Very strong counter-cultural words, these are. He’s trying to wrestle spiritual knowledge back to the status it had before it was denuded through scientism and secularism. Even Christians have been fooled into thinking that faith is something to be set against knowledge rather than upon it. To correct this he goes into the most philosophically technical passages of the book, exploring what knowledge actually is, how we can distinguish it from opinions or values, and how we can have confidence in it. It is not a full-blown epistemology, but it’s a fair introduction. (The material will challenge many readers, but as Moreland insists both here and elsewhere, that’s good for us. Extensive questions for reflection and discussion at the end of each chapter can facilitate this work.) This is not a book of apologetics–though there are motions in that direction, in his critique of secular worldviews–but it provides essential perspective for viewing and handling the knowledge we gain through apologetics.
Competence extends also into developing the skills of Christian living. The second leg of his triangle, “Renovate the Soul,” has received more attention in the church than the other two, and though Moreland devotes a chapter to it, he directs the reader to other sources for more, especially Dallas Willard and some of the devotional classics. His treatment of how disciplines can help us tame the “flesh” (Biblically, the seat of sinful habit) is fresh and intriguing. I never would have thought of it in comparison to tennis training as he does! His support of Christian counseling and spiritual formation is encouraging; God didn’t plan for us to grow on our own.
These first two themes, knowledge and spiritual disciplines, are pretty much expected fare from a Christian philosopher. The third leg of his triangle, as he acknowledges, is not. This third leg is the advancing of the Kingdom of God by God’s working supernaturally in signs, wonders, and miracles.
Here I have a different kind of affinity with what he is teaching, which goes back many years. His thinking on this seems to have been largely formed by the Vineyard Churches’ openness to God’s work. The first Vineyard Church, in Anaheim, California, was led by the late John Wimber. Together with missiologist C. Peter Wagner, Wimber taught a controversial class at Fuller Theological Seminary called “Signs, Wonders, and Church Growth,” of which I audited a couple sessions in the early 1980s. I was attending a Sunday School class taught by Wagner around that time, and my roommate and close friend, George Eckart, was perhaps Wagner’s closest associate in these matters, other than Wimber himself. (George wrote the appendix to Wagner’s 1988 book, How To Have a Healing Ministry Without Making Your Church Sick.) I experienced God’s healing through George’s prayer one evening, an instantaneous release from a violent recurring cough caused by chronic bronchitis. I appreciated the way Wimber, Wagner, Eckart and others combined solid Biblical theology, avoiding some common charismatic errors, with an expectation that God would still work in power today.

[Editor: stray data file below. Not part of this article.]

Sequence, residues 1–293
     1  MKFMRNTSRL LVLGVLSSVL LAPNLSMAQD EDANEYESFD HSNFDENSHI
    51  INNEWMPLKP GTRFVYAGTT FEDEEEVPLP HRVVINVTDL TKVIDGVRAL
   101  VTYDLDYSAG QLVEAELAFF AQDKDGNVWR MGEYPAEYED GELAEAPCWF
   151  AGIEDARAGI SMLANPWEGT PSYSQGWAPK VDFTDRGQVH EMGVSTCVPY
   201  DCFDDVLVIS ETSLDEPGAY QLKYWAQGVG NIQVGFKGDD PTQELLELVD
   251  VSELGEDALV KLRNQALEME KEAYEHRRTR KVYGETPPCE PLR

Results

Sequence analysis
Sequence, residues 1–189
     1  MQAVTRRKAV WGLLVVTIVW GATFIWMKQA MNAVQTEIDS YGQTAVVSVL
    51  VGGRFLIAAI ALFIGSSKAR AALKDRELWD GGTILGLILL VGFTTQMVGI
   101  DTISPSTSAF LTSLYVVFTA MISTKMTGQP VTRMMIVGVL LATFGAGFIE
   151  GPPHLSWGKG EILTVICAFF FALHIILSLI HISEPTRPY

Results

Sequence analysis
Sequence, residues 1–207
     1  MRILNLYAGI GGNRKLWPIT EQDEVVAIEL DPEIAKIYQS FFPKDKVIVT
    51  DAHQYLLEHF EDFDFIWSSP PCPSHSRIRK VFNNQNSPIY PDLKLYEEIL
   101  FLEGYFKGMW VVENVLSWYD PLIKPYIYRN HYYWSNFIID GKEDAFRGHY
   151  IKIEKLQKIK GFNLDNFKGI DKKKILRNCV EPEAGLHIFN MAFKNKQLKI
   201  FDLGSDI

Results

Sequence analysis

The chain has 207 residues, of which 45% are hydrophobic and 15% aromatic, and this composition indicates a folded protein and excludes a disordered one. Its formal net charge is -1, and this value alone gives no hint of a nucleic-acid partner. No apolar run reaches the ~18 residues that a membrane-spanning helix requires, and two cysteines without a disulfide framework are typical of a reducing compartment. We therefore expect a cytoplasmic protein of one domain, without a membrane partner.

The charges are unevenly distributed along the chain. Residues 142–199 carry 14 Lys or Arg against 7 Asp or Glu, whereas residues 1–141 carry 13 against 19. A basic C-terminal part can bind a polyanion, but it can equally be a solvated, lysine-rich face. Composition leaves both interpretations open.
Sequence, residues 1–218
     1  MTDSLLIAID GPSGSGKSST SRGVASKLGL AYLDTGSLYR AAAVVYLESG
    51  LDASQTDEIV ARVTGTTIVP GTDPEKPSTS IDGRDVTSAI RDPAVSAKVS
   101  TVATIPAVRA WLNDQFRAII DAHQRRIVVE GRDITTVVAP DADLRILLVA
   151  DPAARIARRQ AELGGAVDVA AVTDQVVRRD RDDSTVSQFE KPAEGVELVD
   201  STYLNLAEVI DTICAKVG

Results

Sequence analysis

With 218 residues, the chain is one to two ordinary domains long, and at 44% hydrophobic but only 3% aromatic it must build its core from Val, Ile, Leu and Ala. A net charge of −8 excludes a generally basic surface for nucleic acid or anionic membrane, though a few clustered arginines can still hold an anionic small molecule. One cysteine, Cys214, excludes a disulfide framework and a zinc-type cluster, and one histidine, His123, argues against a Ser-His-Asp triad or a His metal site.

We Christians are supernaturalists, after all, as Moreland gently reminds us. He speaks sensitively to Christians who believe that God’s miraculous works ceased long ago, and then turns around and addresses Pentecostals who have made experience far too much the center of their theology. In the center is the belief that God is still God, and his Bible is still our authority.
God is working powerfully around the world. I encourage you to listen to the podcast I already linked to, in which Moreland shares many of the same stories that are also in this book. The urgent question for Western Christians is, why isn’t God doing this in our part of the world? There seem to be two answers: one, Christians have been infected by our naturalist culture, so we’ve trained ourselves not to expect God to work in supernatural ways; and two, we’ve also trained ourselves not to see it or discuss it when he does.
In reality, God is doing more of this among us than we’ve realized. Christianity is growing worldwide at a pace we Westerners are hardly aware of (Phillip Jenkins calls it the most significant social phenomenon of the late 20th century). Some researchers estimate that since 1970, the number of born-again Christians with a vision to reach the entire world for Christ has increased by a factor of ten, from 71 million to 707 million. Estimates are, says Moreland, that up to 70% of that growth is fueled at least in part by God working signs of power and love. It’s not up to us to make God work in that way, but there can hardly be anything wrong with asking him for it. He has been answering prayers like that in ways most of us have hardly recognized.
Recovering the Christian mind, renovating the soul, seeing again the Spirit’s power: in a world grown thin, Kingdom Triangle offers real substance. I expect that twice through this book will not be enough for me–I’ll back in it again before much time goes by.
Kingdom Triangle: Recover the Christian Mind, Renovate the Soul, Restore the Spirit’s Power, by J. P. Moreland. Grand Rapids, MI: Zondervan, 2007. 201 pages plus annotated bibliography, notes, and indices.
Note: This article was originally published on my previous iBlog platform. It is one of a select group of articles I’m including here on the WordPress platform.